Natural Language Search Interfaces: Health Data Needs Single-Field Variable Search

Caroline Jay, Simon Harper, Ian Dunlop, Sam Smith, Shoaib Ahmed Sufi, Carole Goble, Iain Buchan

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    Background: Data discovery, particularly the discovery of key variables and their inter-relationships, is key to secondary data analysis, and in-turn, the evolving field of data science. Interface designers have presumed that their users are domain experts, and so they have provided complex interfaces to support these “experts.” Such interfaces hark back to a time when searches needed to be accurate first time as there was a high computational cost associated with each search. Our work is part of a governmental research initiative between the medical and social research funding bodies to improve the use of social data in medical research. Objective: The cross-disciplinary nature of data science can make no assumptions regarding the domain expertise of a particular scientist, whose interests may intersect multiple domains. Here we consider the common requirement for scientists to seek archived data for secondary analysis. This has more in common with search needs of the “Google generation” than with their single-domain, single-tool forebears. Our study compares a Google-like interface with traditional ways of searching for noncomplex health data in a data archive. Methods: Two user interfaces are evaluated for the same set of tasks in extracting data from surveys stored in the UK Data Archive (UKDA). One interface, Web search, is “Google-like,” enabling users to browse, search for, and view metadata about study variables, whereas the other, traditional search, has standard multioption user interface. Results: Using a comprehensive set of tasks with 20 volunteers, we found that the Web search interface met data discovery needs and expectations better than the traditional search. A task × interface repeated measures analysis showed a main effect indicating that answers found through the Web search interface were more likely to be correct (F1,19=37.3, P<.001), with a main effect of task (F3,57=6.3, P<.001). Further, participants completed the task significantly faster using the Web search interface (F1,19=18.0, P<.001). There was also a main effect of task (F2,38=4.1, P=.025, Greenhouse-Geisser correction applied). Overall, participants were asked to rate learnability, ease of use, and satisfaction. Paired mean comparisons showed that the Web search interface received significantly higher ratings than the traditional search interface for learnability (P=.002, 95% CI [0.6-2.4]), ease of use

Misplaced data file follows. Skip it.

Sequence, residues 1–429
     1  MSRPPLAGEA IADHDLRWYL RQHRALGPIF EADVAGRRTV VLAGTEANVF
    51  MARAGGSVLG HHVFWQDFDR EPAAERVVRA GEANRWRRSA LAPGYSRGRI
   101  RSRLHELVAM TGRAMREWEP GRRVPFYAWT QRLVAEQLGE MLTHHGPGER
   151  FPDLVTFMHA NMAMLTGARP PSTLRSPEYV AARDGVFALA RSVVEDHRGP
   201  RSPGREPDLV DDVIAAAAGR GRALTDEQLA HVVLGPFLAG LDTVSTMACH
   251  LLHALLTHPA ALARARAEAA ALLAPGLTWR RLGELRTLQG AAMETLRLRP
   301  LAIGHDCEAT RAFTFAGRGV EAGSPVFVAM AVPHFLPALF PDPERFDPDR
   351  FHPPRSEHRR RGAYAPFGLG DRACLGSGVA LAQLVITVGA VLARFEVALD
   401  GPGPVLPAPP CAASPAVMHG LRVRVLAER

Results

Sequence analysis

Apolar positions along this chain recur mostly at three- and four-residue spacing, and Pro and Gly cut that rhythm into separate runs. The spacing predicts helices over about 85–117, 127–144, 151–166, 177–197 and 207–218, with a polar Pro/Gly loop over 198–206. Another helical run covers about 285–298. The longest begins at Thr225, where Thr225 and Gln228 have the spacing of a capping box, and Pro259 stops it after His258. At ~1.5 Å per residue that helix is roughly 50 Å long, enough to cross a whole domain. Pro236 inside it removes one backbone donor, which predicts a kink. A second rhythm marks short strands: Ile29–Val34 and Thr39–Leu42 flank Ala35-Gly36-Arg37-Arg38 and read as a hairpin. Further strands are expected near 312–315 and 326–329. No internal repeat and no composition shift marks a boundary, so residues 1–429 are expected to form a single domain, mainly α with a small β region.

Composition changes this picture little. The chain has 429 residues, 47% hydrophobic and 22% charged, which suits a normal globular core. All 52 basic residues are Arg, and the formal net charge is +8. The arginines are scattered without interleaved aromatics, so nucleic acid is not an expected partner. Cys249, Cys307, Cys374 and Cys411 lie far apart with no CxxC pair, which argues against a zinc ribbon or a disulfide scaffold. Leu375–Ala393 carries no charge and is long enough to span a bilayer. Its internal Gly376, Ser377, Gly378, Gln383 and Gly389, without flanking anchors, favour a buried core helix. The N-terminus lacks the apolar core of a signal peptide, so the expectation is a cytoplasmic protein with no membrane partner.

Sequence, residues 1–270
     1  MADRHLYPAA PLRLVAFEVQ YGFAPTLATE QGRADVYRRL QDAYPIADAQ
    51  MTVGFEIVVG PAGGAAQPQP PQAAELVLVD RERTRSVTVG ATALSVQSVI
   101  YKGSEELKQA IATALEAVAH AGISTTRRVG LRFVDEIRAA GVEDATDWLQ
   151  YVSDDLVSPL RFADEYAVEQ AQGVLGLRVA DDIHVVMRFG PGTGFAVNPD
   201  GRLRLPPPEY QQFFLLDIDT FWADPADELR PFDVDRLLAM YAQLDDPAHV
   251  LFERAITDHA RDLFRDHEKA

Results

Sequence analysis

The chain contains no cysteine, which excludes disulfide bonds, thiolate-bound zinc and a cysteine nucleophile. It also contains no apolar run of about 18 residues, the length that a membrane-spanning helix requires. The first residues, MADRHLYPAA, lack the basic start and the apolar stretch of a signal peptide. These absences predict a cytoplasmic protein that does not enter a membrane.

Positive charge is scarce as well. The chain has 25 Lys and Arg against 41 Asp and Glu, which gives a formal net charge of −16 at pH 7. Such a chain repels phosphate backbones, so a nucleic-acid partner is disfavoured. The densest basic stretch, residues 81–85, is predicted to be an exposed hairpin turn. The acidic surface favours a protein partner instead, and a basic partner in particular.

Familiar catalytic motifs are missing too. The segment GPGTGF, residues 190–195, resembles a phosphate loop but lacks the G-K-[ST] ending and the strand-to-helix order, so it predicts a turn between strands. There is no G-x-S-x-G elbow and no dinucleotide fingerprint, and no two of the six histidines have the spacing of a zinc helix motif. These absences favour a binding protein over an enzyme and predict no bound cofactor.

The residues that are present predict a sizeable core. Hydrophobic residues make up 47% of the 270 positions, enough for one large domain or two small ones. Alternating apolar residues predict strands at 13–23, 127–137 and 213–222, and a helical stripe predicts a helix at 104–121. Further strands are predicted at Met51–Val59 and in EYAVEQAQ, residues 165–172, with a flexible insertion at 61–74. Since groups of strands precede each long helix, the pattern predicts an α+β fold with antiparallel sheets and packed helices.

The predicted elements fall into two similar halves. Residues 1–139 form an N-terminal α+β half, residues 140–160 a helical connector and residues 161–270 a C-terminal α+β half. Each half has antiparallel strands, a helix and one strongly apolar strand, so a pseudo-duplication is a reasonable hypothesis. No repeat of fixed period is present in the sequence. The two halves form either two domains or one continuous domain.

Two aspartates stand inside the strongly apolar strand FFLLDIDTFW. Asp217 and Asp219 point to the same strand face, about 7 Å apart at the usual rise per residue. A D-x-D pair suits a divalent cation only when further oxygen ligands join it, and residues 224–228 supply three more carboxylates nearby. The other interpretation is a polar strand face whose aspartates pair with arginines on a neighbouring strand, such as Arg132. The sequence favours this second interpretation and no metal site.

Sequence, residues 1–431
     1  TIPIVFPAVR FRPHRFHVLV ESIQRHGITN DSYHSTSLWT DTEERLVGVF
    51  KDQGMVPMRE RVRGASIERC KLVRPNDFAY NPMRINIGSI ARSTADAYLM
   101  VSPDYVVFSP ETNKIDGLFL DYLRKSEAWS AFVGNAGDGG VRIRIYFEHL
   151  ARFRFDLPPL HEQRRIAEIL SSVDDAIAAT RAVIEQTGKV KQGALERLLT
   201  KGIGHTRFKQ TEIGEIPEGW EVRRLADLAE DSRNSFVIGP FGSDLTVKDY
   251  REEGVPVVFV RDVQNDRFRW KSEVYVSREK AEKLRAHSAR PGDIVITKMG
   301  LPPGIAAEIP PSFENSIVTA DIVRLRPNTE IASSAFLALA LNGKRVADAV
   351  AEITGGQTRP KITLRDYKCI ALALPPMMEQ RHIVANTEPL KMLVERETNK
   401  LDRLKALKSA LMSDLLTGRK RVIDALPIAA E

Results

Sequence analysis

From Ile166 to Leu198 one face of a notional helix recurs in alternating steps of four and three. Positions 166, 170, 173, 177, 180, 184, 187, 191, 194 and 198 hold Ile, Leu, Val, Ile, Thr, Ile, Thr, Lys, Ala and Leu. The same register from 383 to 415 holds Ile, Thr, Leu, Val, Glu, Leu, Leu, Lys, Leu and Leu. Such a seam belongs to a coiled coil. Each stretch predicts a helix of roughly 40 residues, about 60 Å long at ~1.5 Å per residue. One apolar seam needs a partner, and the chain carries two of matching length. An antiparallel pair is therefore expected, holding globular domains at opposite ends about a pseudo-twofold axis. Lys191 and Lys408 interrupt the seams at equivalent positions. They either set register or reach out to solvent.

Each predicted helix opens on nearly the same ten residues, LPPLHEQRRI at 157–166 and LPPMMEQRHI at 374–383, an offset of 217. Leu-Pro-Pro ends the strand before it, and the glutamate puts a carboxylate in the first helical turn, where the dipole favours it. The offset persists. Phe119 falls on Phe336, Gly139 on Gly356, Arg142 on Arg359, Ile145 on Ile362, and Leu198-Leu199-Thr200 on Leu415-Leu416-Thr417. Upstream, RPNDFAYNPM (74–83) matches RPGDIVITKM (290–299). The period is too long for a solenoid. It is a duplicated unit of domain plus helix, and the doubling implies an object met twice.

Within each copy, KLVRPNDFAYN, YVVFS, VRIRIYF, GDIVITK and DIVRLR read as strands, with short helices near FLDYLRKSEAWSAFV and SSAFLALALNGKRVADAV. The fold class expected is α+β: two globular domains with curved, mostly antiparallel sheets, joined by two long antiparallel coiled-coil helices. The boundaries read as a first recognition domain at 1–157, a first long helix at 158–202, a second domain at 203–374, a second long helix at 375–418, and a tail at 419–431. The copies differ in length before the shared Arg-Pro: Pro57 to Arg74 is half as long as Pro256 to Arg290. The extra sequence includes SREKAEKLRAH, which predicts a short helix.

Original languageEnglish
    Issue number1
    Publication statusPublished - 14 Jan 2016

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